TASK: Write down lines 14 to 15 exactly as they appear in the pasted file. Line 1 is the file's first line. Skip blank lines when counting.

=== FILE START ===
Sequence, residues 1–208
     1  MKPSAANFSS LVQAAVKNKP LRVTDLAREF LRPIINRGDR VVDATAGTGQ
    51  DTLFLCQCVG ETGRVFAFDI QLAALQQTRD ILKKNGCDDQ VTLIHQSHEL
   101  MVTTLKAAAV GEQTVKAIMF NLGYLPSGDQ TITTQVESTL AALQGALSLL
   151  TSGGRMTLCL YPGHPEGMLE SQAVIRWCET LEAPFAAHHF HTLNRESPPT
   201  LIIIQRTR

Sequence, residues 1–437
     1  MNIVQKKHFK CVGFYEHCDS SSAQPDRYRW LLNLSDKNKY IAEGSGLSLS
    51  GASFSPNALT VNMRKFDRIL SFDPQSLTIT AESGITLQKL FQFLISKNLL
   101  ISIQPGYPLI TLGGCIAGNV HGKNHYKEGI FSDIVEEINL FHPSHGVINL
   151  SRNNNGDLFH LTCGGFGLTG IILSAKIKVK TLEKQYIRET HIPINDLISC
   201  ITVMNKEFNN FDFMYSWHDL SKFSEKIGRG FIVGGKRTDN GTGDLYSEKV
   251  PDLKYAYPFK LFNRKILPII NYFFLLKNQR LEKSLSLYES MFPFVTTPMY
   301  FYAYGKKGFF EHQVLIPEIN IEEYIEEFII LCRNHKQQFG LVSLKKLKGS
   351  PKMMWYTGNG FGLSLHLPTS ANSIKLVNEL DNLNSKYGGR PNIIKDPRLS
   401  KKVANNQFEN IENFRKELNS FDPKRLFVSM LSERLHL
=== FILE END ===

   301  FYAYGKKGFF EHQVLIPEIN IEEYIEEFII LCRNHKQQFG LVSLKKLKGS
   351  PKMMWYTGNG FGLSLHLPTS ANSIKLVNEL DNLNSKYGGR PNIIKDPRLS